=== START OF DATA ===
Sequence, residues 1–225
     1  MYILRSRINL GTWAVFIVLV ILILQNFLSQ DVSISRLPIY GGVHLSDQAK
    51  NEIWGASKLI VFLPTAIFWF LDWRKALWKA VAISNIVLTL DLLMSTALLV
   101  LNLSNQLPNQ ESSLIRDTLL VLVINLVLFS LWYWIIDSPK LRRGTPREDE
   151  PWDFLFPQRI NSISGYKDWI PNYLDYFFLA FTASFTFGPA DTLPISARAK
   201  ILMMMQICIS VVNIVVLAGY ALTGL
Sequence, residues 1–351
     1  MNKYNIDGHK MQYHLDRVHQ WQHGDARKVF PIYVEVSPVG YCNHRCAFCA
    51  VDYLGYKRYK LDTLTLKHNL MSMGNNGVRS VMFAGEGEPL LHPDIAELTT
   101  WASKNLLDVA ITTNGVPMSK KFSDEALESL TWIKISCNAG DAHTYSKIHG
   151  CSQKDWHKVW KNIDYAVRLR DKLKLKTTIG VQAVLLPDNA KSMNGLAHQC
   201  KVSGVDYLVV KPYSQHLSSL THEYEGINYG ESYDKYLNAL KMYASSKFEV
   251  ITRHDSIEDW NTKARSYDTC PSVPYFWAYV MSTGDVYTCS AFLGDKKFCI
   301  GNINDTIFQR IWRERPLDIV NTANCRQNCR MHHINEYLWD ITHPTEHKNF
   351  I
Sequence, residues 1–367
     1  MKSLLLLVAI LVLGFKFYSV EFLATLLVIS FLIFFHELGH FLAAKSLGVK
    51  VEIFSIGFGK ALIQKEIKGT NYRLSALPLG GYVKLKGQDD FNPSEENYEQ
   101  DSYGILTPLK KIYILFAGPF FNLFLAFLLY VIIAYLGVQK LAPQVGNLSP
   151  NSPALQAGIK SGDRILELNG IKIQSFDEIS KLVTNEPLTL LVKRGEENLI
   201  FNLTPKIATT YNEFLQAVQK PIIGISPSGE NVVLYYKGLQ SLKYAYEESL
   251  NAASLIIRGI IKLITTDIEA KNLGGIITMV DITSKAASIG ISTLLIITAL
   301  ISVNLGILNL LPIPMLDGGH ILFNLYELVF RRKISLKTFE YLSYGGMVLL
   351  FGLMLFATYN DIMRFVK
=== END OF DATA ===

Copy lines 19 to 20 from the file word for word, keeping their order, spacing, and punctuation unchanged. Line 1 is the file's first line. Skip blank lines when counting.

   101  DSYGILTPLK KIYILFAGPF FNLFLAFLLY VIIAYLGVQK LAPQVGNLSP
   151  NSPALQAGIK SGDRILELNG IKIQSFDEIS KLVTNEPLTL LVKRGEENLI